United States

128 Wall Street | Archives Home | Hours

The records consist of correspondence written by Civil War soldiers from Yale College, 1855-1865. These records might be more revealing for what they do not say about slavery and emancipation than what they do offer on the subject. See also similar holdings at the Beinecke Library.

121 Wall Street | Library Home | Hours

The collection consists of eight documents concerning slavery in Delaware: six signed manuscript records, manuscript copies of documents dated between 1783 and 1809, documenting the trade and emancipation of slaves and indentured servants by individual slave owners in Delaware; an order, dated April 29, 1829, signed and sealed by Delaware Governor Charles Polk, pardons James John for kidnapping Betsy Martin, a free racially-mixed woman, and transporting her across state lines; and a brief letter, dated December 11, 1910, from Henry C. Conrad, Delaware Superior Court judge, to Walter V. Johnson of Johns Hopkins University, concerns Abraham Lincoln’s abolition of slavery in Delaware.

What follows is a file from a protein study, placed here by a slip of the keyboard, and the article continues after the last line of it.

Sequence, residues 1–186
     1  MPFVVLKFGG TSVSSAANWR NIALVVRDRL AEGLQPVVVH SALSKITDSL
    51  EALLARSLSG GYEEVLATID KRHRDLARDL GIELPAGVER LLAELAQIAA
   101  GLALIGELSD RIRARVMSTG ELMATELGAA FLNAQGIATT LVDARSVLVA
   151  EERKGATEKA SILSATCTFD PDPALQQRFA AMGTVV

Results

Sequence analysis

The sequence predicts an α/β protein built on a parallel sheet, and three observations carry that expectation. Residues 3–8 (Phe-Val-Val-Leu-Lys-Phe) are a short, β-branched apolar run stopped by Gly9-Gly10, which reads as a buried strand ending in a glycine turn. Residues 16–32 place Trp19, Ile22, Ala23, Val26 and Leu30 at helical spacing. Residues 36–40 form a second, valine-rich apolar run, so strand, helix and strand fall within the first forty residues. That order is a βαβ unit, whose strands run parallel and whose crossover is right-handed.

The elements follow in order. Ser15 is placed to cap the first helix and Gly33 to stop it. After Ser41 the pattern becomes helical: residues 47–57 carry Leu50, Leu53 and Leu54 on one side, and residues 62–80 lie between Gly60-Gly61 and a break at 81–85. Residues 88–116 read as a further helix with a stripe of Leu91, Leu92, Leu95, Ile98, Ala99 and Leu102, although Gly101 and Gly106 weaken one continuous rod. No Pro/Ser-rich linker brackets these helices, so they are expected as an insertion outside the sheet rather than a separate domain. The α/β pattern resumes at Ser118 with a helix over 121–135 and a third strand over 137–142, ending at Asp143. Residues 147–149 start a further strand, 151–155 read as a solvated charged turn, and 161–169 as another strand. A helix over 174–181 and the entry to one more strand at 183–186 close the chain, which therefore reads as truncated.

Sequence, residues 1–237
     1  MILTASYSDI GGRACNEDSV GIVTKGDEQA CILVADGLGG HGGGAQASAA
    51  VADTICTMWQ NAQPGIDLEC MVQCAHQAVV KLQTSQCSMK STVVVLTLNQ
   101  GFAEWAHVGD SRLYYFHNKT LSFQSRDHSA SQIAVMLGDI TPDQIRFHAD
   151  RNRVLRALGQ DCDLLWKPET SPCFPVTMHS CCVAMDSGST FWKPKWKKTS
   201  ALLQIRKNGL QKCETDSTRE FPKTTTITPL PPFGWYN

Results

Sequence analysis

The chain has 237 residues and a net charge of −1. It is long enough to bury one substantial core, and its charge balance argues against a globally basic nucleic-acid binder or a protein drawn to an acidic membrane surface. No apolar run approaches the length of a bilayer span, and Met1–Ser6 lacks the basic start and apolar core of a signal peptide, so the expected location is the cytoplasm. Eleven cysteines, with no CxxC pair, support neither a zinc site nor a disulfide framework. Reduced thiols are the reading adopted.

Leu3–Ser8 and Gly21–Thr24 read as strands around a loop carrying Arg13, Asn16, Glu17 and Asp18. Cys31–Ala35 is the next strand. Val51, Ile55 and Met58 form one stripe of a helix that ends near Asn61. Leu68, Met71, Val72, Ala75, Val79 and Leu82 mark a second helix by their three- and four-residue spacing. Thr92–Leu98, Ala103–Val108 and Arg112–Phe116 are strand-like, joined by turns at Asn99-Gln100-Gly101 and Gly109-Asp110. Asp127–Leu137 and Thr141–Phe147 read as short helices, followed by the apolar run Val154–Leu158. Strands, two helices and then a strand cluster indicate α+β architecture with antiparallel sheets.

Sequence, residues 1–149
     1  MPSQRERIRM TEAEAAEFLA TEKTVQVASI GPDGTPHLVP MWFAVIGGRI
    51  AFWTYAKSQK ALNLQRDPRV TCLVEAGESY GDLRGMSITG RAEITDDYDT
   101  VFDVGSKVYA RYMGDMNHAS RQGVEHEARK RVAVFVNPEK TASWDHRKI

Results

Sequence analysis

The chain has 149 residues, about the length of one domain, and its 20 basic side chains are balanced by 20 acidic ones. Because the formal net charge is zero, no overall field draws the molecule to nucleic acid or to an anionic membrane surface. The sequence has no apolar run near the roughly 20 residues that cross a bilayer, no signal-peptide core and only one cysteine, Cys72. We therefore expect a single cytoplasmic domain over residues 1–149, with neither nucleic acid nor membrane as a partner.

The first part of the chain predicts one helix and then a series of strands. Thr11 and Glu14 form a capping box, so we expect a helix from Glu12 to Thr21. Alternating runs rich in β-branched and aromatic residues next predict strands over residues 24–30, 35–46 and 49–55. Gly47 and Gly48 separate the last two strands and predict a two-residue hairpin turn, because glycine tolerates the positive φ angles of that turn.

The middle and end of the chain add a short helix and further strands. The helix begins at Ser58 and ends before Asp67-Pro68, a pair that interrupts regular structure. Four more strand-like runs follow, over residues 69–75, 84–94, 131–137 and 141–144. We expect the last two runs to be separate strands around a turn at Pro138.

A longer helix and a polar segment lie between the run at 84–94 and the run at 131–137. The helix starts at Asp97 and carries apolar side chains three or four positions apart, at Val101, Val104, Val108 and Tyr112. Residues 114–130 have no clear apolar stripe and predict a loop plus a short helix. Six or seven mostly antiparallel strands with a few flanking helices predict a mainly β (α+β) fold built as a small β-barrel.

Twelve manuscript legal documents in unidentified hands concerning the slave trade in Louisiana and Mississippi and one printed broadside advertising the sale of slaves in St. Louis, Missouri. The legal documents include bills of sale for slaves.

Autograph manuscript letters and receipts, dated 1858 to 1868, and other letters, deeds and documents relating to slaves and the slave trade, from 1788 to 1863. The focus is on the firm of J. D. Fondren & Bro., based in Richmond, Virginia. About 80 items total, in one volume.

Two manuscript legal documents written in unidentified hands concerning the purchase of slaves by David D. Withers of New York. A receipt, December 20, 1854, New Orleans, acknowledges the sale of thirty-seven slaves from Walter L. Campbell to Withers. There is another manuscript document regarding the 1855 sale of ninety-one slaves from the Union Bank of Louisiana to Withers for fifty-five thousand dollars.

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